In Florida, there are state and federal requirements, and if you get a ticket for an improperly marked spot, you can fight it.

Case 50-2016-CO-007453-AXXX-SB began one fine morning on Jog Road near Boynton Beach, just south of Woolbright Road.

The crime: Violating Palm Beach County ordinance 92-29; AKA, illegally parking in a handicapped space.

The punishment: A $336 ticket. Yes, you heard me, $336.

Now, I would never presume to suggest that my experiences as a defense counsel surpass that of Perry Mason. In the interest of transparency, however, Mr. Mason lost three cases: "The Case of the Terrified Typist"; "The Case of the Witless Witness"; and "The Case of the Deadly Verdict." I, however, am batting a thousand in traffic court: Three for three. My latest victory? “The Case of the Spurious Space.”

For the record, I would never knowingly park in a handicapped space. And it burns me up as much as it probably does you when I see a car with a handicapped plate or permit dangling from their rear-view mirror and then the driver hops out healthy and mobile and bounces into the store, suggesting someone in his family may be handicapped, but it’s not him.

Enough of my whining. The main photo that accompanies this gripping legal thriller says it all.

Florida handicapped parking statutes follow guidelines developed by the Americans with Disabilities Act. They require a handicapped parking sign “at least 60 inches above the surface” which must be “viewable from the drivers’ seat of the vehicle and located right in view of parking spaces.” May I beg the court to observe the lack of a sign?

Statutes also call for each handicapped space to be marked with the "international symbol of accessibility" the “well-known picture of a person using a wheelchair on top of a blue background.” Each space, the law continues, must “be repainted when necessary, to be clearly distinguishable.” May I further point out to the court the barely visible, horribly faded “international symbol of accessibility” and the complete lack of a blue background.

I made these arguments to Presiding Judge Steve Miller in the “Circuit/County Court of the Fifteenth Judicial Circuit in and for Palm Beach County Florida.” Judge Miller operates out of the county court’s south branch at 300 W. Atlantic Ave. in Delray Beach. Clearly impressed by this senior citizen’s vast legal acumen, Judge Miller dismissed the charges.

I toyed briefly with telling the judge that most of the handicapped spaces in the court’s own garage also didn’t meet state and federal standards.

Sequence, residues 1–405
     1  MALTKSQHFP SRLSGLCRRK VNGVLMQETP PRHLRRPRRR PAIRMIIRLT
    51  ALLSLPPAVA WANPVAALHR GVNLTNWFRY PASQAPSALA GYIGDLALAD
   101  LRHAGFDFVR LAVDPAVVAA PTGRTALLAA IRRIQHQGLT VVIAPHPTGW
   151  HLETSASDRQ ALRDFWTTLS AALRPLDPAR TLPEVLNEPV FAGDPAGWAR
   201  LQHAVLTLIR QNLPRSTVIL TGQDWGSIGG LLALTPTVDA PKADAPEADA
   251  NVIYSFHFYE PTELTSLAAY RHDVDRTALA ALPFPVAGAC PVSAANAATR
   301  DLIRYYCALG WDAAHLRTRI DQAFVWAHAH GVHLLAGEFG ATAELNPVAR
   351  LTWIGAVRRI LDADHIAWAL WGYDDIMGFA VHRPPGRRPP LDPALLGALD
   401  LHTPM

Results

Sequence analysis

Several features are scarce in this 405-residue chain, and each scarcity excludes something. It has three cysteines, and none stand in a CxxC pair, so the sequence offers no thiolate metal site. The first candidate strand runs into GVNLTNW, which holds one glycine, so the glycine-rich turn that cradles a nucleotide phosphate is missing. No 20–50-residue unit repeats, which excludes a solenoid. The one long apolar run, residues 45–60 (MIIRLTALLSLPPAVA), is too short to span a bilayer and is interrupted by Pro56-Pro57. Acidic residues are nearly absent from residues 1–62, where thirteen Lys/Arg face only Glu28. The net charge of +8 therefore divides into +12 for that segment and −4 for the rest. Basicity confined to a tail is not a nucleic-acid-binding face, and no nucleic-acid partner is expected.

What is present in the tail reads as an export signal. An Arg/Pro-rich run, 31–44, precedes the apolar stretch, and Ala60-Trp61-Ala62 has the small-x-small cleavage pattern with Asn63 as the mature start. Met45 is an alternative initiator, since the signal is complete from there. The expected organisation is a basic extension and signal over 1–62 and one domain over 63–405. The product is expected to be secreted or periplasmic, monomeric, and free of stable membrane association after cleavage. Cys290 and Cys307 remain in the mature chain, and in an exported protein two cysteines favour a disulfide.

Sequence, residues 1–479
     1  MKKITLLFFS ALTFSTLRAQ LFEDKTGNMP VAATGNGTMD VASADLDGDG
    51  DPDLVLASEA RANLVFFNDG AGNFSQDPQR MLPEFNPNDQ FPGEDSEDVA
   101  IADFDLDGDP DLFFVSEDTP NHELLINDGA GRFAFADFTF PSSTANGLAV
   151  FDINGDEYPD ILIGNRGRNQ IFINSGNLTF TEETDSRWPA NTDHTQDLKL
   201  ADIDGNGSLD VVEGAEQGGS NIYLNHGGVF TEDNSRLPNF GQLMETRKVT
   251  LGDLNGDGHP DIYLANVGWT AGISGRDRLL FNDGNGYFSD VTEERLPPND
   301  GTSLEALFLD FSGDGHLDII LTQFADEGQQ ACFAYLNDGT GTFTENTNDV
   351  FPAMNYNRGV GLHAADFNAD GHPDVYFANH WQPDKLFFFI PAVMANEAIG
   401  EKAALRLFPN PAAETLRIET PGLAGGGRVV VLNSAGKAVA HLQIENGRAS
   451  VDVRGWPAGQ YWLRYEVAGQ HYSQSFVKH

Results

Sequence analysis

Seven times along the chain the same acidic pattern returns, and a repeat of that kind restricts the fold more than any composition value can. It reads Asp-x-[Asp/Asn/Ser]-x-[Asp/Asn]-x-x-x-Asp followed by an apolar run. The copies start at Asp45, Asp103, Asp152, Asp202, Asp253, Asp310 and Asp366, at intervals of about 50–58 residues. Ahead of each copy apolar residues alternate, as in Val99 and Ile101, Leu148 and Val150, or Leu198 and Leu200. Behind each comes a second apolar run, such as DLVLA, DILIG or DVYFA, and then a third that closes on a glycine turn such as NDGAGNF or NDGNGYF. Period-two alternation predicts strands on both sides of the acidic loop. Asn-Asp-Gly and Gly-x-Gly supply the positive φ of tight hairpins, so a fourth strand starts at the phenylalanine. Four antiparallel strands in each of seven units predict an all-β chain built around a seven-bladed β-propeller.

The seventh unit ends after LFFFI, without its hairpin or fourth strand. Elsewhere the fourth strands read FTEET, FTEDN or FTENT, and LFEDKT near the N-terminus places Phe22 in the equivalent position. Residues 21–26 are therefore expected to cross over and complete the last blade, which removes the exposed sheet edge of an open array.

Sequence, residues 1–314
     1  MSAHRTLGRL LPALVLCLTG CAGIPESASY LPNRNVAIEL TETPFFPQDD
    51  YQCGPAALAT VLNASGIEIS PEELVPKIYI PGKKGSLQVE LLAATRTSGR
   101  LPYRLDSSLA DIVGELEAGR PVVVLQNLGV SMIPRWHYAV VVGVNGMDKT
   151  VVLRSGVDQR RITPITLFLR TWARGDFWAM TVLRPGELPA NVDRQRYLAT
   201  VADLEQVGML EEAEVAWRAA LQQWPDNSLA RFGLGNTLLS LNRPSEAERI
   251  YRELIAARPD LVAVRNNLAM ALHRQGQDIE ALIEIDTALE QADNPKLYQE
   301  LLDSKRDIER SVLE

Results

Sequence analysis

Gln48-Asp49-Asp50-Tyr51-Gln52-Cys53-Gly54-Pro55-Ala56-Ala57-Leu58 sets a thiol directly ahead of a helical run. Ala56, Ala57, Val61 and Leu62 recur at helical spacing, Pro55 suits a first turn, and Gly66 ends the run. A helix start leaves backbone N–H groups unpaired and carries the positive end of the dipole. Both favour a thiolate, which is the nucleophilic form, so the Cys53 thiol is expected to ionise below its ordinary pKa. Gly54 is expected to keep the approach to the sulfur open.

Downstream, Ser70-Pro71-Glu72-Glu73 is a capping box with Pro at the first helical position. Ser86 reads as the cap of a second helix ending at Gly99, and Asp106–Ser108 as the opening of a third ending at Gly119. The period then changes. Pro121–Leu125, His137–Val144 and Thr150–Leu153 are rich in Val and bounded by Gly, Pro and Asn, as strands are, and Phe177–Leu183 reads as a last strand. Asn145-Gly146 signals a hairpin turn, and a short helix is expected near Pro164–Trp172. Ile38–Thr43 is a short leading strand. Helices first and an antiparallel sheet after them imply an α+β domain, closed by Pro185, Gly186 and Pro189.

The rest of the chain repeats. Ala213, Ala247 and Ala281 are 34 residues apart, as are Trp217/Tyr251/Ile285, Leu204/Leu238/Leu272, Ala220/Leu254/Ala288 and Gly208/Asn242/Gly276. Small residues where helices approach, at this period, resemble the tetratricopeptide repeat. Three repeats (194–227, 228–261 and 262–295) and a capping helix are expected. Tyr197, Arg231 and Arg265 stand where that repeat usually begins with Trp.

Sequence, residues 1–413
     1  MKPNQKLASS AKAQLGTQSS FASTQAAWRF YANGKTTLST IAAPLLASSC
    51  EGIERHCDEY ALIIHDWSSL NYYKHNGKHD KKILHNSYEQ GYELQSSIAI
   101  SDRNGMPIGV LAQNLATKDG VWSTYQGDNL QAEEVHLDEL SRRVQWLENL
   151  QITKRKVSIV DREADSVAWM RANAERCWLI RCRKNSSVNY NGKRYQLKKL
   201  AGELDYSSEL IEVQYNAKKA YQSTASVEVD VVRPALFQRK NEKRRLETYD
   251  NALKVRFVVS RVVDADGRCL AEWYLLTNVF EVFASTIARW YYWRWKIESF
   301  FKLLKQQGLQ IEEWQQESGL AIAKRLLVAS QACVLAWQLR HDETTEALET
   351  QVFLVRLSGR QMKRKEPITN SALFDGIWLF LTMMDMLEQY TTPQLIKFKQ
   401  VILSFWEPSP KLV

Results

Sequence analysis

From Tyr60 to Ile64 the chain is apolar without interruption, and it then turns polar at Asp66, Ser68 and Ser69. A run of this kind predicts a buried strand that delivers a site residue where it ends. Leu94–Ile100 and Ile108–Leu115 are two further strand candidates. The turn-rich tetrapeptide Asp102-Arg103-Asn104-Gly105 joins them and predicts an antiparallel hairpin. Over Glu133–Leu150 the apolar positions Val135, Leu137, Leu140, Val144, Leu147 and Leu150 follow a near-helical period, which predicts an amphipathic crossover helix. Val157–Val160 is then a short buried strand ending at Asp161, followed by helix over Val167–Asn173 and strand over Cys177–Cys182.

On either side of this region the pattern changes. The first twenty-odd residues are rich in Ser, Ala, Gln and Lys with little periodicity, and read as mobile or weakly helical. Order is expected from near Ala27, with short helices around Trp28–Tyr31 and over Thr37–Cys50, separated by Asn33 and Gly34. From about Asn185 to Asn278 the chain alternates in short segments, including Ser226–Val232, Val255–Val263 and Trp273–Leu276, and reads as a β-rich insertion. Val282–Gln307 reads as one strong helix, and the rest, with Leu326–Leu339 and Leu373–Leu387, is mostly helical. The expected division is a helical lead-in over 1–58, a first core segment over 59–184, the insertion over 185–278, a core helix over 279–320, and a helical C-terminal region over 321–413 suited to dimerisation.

Before I did, however, I flashed back to my senior year in high school and my Spanish teacher, Senor Herñandez, tired once more of the wise ass in the front row, offered this warning: “Don’t push your luck Señor Battin.”

I thanked the judge, gathered my papers and photos and backed out of the courtroom.

So, the question we’re left with is who is in charge of making sure handicapped spaces are constructed to code. Overall, large companies such as Walgreens and Publix do a good job with their handicapped parking. Teri Barbera, public information officer for the Palm Beach County Sheriff’s Office, explained the sheriff’s role is strictly enforcement, citing those who park illegally in handicap spaces.

Barbara Kelleher, District 4 media contact for the Florida Department of Transportation, helpfully suggested I try county code enforcement.

Bingo.

Robert Santos-Alborná, code director for Palm Beach County, said it was his department’s responsibility to see that handicapped spaces are marked correctly.

“We receive about 10,000 complaints a year, (For all code enforcement issues, not just handicapped parking.) about 1,000 a month,” Santos-Alborná said.

“We respond to each complaint within three days.”

“We do have a couple of handicapped parking cases now,” he said.

But, for the most part, they’re not that common. “We have HOAs (homeowner associations) changing their parking configuration without a permit.” The same for small commercial properties that try to reconfigure parking areas without a permit.

To file a complaint or obtain answers to questions regarding code enforcement call or email your county’s code enforcement office.

Richard Battin retired in 2014 after almost a half century as a reporter and editor for newspapers in San Jose, San Diego, Fort Wayne, Indiana and Chicago. He lives with his wife Adrienne in Boynton Beach.